Over 50% Of Indian Army Men Are Under ‘Severe Stress’: Study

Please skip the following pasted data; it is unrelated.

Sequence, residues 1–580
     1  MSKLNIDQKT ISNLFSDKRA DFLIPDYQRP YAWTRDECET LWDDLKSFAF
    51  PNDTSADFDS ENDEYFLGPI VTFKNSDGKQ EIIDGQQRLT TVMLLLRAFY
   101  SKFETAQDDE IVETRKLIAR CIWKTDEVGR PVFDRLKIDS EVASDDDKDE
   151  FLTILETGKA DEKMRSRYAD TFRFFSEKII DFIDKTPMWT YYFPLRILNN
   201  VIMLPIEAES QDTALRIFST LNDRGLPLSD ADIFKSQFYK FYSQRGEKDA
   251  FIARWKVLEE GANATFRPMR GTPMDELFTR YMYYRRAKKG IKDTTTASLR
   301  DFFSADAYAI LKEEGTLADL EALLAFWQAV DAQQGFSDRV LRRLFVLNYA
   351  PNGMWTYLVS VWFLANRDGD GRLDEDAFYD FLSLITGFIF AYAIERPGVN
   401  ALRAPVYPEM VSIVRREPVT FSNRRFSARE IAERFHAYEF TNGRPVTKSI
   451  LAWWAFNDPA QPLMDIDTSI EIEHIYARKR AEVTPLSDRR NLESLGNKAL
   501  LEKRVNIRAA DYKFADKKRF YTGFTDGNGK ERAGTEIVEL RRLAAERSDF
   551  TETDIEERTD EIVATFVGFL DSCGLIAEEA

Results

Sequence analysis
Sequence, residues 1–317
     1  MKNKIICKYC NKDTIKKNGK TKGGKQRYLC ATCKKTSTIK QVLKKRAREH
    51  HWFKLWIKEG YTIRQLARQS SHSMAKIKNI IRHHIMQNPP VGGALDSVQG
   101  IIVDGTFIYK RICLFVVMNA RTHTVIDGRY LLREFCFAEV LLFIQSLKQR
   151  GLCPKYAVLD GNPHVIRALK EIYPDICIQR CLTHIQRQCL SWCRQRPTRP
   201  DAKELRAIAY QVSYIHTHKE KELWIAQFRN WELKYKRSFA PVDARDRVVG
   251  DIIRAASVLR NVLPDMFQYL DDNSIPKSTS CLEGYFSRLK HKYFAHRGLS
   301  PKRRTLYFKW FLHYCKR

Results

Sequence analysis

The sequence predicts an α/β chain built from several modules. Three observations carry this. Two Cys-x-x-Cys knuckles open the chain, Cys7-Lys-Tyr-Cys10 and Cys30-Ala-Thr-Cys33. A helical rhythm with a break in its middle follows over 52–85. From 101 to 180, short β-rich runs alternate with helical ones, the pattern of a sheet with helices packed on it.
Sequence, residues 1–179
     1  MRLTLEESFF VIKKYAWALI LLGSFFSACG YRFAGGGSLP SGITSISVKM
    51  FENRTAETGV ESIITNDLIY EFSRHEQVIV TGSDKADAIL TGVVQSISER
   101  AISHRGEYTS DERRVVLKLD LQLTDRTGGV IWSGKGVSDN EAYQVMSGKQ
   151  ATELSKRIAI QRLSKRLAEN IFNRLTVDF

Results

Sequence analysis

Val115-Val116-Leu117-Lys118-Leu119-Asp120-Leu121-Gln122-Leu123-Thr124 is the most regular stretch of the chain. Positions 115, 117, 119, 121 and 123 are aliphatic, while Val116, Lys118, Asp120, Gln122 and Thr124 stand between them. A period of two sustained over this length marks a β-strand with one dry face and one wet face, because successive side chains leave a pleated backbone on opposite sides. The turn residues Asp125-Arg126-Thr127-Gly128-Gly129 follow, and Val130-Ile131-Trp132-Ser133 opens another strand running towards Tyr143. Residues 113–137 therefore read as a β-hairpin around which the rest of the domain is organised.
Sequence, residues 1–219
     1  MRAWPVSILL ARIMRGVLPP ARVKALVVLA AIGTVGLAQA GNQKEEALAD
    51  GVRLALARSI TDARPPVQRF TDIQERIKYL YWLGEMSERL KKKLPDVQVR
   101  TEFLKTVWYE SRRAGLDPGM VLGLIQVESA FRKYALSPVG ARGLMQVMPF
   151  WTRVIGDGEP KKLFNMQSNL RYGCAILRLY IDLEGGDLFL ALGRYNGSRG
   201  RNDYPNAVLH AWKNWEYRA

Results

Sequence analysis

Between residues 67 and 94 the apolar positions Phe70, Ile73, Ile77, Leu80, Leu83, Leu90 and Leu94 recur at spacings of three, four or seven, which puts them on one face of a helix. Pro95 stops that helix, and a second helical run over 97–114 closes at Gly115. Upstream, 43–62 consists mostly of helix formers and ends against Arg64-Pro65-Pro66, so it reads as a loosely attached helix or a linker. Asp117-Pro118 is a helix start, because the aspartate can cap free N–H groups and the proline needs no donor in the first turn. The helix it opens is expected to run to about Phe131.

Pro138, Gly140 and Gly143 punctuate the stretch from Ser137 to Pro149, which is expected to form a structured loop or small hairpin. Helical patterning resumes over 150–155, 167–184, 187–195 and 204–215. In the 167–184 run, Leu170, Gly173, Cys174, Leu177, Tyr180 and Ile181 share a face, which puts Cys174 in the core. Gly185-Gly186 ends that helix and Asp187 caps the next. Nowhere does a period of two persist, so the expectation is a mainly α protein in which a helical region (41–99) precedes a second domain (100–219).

More than half of Indian Army personnel seem to be under severe stress and the Army has been losing more personnel every year due to suicides, fratricides and untoward incidents than in response to any enemy or terrorist activities, according to the findings of a study by United Service Institution of India (USI), a Service think tank. “There has been a significant increase in stress levels amongst Indian Army personnel during approximately last two decades due to operational and non-operational stressors,” one of the findings says. “Prolonged exposure of Indian Army personnel to Counter Insurgency and Counter Terrorism (CI/CT) environment has been one of the contributory factors for increased stress levels,” the study notes. The research was undertaken during 2019-20 by Col. AK Mor, Senior Research Fellow at the USI, and presented at a webinar titled “Prevailing Stress Levels in Indian Army due to Prolonged Exposure to Counter Insurgency/Counter Terrorism environment”, organised in October 2020 and uploaded on the website on December 07 last. While operational stressors are well understood and accepted by Army personnel, the study says that non-operational stressors that add on “have compounding adverse effects on health and combat efficiency of soldiers and thus affecting their respective units too.” In this regard, officers experience comparatively much higher cumulative stress levels, compared to the Junior Commissioned Officers (JCO) and Other Ranks (OR) and the stress causative factors are also different. The study observes that the overall job satisfaction and pride in uniform remains high amongst JCOs and ORs. “It seems to be a growing matter of concern amongst Officers, requiring urgent interventions from the highest levels of Government,” it says. “Despite harsh and challenging service conditions, Indian Army personnel remain highly motivated to serve in CI/ CT areas voluntarily… However, the Officers lack a similar level of trust, faith and confidence in their leadership that JCOs and ORs demonstrate,” it states. The study highlights that various management measures implemented by the Army and Defence Ministry in the last 15 years have not been able to achieve the desired results. “Units and sub-units under stress are likely to witness an increased number of incidents of indiscipline, unsatisfactory state of training, inadequate maintenance of equipment and low morale, motivation and esprit-de-corps, thereby, adversely affecting their combat preparedness and operational performance,” it says. Some of the major organisational causes of stress amongst officers, according to the study, include “inadequacies in the quality of leadership, overburdened commitments, inadequate resources, frequent dislocations, lack of fairness and transparency in postings and promotions, downgradation in pay and status, inadequate promotional avenues, lack of motivation amongst juniors, non-grant of leave, indifferent attitude of civilian officials and short command tenures.”

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